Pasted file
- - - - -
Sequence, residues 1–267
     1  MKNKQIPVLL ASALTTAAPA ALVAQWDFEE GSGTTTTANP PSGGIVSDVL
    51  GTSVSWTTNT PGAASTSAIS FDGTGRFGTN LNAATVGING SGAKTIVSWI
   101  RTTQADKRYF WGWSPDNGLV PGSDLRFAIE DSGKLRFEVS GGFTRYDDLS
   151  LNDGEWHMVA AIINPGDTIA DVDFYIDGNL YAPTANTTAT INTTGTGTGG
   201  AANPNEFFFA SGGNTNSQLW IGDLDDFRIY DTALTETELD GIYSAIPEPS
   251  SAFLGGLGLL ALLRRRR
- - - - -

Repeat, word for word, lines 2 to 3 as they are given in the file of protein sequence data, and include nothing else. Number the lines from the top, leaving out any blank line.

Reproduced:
     1  MKNKQIPVLL ASALTTAAPA ALVAQWDFEE GSGTTTTANP PSGGIVSDVL
    51  GTSVSWTTNT PGAASTSAIS FDGTGRFGTN LNAATVGING SGAKTIVSWI